The quiet, relaxed hill station of Dalhousie spreads over five low-level hills at the western edge of the Dhauladhar Range. While the town itself, mostly modern hotels interspersed with Raj-era buildings and low-roofed stalls, is unremarkable, the pine-covered slopes around it are intersected with paths and tracks ideal for short undemanding walks.
From Dalhousie the road east zigzags through forests to Khajjiar, a popular local day out, before descending through terraced mountain slopes to Chamba, perched above the rushing River Ravi. It’s a slow and relaxed place with some fascinating temples and a small art museum. Brahmour, three hours further east by bus and the final settlement on the road into the mountains, holds more Hindu temples – both towns make good bases for treks into the remote Pangi Valley.
Shielded on all sides by high mountains, CHAMBA was ruled for an entire millennium by kings descended from Raja Sahil Varma, who founded it in 920 AD and named it after his daughter Champavati. Unlike Himachal states further south, it was never formally under Mughal rule and its distinct Hindu culture remained intact until the first roads were built to Dalhousie in 1870. When the state of Himachal Pradesh was formed in 1948, Chamba became the capital. Today, only a handful of visitors make it out here, passing through before or after trekking, or stopping off to see the unique temples.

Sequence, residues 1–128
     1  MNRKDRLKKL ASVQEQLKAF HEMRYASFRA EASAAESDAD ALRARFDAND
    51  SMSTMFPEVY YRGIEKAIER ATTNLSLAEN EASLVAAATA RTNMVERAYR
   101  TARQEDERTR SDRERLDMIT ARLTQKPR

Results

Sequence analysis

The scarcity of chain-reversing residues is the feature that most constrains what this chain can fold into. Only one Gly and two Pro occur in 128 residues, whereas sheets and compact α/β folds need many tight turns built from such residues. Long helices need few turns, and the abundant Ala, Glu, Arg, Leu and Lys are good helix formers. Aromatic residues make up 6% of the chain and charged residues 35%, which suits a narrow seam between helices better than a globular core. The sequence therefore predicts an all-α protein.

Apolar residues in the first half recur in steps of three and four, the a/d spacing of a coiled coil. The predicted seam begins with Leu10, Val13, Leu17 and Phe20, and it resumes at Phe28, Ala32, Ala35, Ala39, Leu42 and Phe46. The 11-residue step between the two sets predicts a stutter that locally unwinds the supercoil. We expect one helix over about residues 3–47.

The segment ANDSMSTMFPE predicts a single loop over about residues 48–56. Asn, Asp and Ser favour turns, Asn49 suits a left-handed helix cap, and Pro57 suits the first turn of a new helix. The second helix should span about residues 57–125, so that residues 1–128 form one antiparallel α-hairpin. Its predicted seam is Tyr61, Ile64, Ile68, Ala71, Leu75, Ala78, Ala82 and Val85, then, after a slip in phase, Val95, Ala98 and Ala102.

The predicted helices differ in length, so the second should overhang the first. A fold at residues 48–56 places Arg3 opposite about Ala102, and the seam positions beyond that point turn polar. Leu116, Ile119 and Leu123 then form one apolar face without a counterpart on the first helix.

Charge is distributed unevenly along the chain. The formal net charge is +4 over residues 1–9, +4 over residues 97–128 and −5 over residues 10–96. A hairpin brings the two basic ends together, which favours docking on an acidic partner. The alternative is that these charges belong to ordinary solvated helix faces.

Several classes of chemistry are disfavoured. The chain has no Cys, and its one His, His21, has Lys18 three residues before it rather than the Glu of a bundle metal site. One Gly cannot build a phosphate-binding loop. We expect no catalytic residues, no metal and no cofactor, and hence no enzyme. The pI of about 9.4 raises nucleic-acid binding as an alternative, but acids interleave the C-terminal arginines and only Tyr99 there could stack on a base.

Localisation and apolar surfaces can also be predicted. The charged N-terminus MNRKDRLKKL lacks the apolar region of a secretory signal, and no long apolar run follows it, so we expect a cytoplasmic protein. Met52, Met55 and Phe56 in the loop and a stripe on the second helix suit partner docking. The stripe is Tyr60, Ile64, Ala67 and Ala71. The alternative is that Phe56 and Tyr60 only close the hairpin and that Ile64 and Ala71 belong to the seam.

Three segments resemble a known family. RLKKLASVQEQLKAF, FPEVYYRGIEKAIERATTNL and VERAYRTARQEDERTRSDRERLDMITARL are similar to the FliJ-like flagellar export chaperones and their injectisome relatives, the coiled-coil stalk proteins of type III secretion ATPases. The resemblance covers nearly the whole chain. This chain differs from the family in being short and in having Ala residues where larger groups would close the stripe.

The chaugan, a large green used for sports, evening strolls and festive celebrations, marks the centre of town, overlooked by the Rang Mahal palace, now a government building. At the south end of the chaugan, the Bhuri Singh museum holds a reasonable display of local arts and crafts. Its eighteenth- and nineteenth-century Kangra miniature paintings, depicting court life, amorous meetings and men and women smoking elaborate hookahs, are much bolder than their Mughal-influenced Rajasthani equivalents. The museum’s best feature is its small cache of rumals. Made by women since the tenth century, rumals are like embroidered paintings, depicting scenes from popular myth. Today only a few women continue this tradition, but a weaving centre in the old palace is attempting to revitalize the art.